Summary:ASTERISK-19596: Memory Leak of 8gigs RAM.
Reporter:Jared Marcomb (jrad)Labels:
Date Opened:2012-03-26 13:18:10Date Closed:2017-12-13 09:00:04.000-0600
Versions:10.2.1 Frequency of
Environment:CentOS6 * Intel Core i7-2600K Sandy Bridge * ASUS P8H67-I *PNY Optima 8GB 240-Pin DDR3 SDRAM DDR3 1333 * OCZ Agility 2 OCZSSD2Attachments:( 0) core.5137backtrace.txt
( 1) mmlog
( 2) modules.conf
Description:Asterisk v10.2.1 - Trying to locate a memory leak that brings down the service once a day during production work.

Will attach logs.
Comments:By: Matt Jordan (mjordan) 2012-03-27 11:19:15.385-0500

Please do the following:
1. In menuselect, under Compiler Flags, select MALLOC_DEBUG
2. Rebuild asterisk and install
3. Run as normal.  You should see a line on the Asterisk CLI that says:

Asterisk Malloc Debugger Started (see /var/log/asterisk/mmlog))

This is a log of the memory allocations... it can obviously grow rather large.  So you won't want to wait until the machine has run out of memory before stopping this.
4. Monitor the memory usage of Asterisk on the machine.  When you observe memory being consumed, you can use the CLI commands (only available when compiled with this option) "memory show summary" and "memory show allocations" to watch and see what is being allocated over time.  (NOTE: memory show allocations isn't nearly as useful)

Once you have an idea that Asterisk is indeed actively leaking memory, stop Asterisk and provide the CLI capture or logs demonstrating what is growing over time, as well as the mmlog generated by Asterisk.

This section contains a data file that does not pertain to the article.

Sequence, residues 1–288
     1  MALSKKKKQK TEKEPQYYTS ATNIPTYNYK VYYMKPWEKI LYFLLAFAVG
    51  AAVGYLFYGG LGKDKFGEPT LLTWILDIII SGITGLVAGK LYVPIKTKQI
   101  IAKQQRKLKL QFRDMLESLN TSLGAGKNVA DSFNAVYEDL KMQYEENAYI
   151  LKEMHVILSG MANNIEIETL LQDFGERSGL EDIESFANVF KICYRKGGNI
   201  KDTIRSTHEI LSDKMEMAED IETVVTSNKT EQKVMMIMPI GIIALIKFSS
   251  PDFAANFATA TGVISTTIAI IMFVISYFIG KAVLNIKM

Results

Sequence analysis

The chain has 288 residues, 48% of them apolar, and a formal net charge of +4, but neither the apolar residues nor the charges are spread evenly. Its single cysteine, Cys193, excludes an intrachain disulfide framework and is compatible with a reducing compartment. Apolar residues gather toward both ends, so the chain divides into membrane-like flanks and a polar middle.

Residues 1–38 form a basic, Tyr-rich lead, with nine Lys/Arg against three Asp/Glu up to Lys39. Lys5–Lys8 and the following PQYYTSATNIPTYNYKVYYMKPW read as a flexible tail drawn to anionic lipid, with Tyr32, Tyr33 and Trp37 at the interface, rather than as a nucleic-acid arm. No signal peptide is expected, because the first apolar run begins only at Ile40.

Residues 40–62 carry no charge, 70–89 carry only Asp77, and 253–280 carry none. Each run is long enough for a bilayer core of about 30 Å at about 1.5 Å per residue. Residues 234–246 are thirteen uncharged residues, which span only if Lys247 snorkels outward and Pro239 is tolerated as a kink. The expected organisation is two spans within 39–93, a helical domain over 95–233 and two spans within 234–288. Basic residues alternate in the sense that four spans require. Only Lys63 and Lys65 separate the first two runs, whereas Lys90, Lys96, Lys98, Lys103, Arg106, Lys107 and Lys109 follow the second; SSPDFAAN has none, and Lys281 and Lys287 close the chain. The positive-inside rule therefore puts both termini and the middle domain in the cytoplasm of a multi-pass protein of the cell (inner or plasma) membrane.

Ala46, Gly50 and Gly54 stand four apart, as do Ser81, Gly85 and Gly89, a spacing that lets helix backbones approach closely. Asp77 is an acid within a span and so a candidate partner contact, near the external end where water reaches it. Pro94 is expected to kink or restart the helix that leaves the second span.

By: Jared Marcomb (jrad) 2012-03-27 12:43:53.203-0500

Information requested through IRC.

By: Jared Marcomb (jrad) 2012-03-27 12:59:14.086-0500

I have uploaded requested docs from IRC.

It should be noted that running with the memory compiler flag as requested caused this core dump.

Unsure if there is an issue with the memory compiler flag and my system or part of the reason we have a memory leak in the first place.

By: Matt Jordan (mjordan) 2012-04-02 14:01:11.910-0500


Looking at the backtrace, it appears as if you're using res_config_ldap.  It doesn't surprise me (although it is unfortunate) that MALLOC_DEBUG didn't handle that module well, given how the LDAP mods array is allocated and handled.  I took a look through res_config_ldap and, at first glance, it does not appear as if things are being leaked in that area of code - I would guess that the crash you had when you turned on MALLOC_DEBUG was not related to the memory leak you're experiencing.  Note that res_config_ldap is in extended support, which means bugs in it are typically handled by the Asterisk development community.

This makes it rather difficult to debug why you have a memory leak.  You may want to consider a different real time backend, and see if that alleviates the situation.  Alternatively, you may want to profile the machine and determine what operations are taking place when the memory consumption increases.  If you believe you've detected something the users have done and can document what they did, and collect a DEBUG log illustrating it, as well as the jump in memory usage, that could help point towards what in your system is leaking memory.

As a last resort, you could attempt to use valgrind, although in a production environment I wouldn't expect that to be a very simple task.


By: Andrew Latham (lathama) 2013-01-16 12:23:42.820-0600

Could be related to ASTERISK-17386

By: Sean Bright (seanbright) 2017-12-13 09:00:05.139-0600

This was most likely fixed by https://gerrit.asterisk.org/#/c/5065/ which was released in Asterisk 13.15.0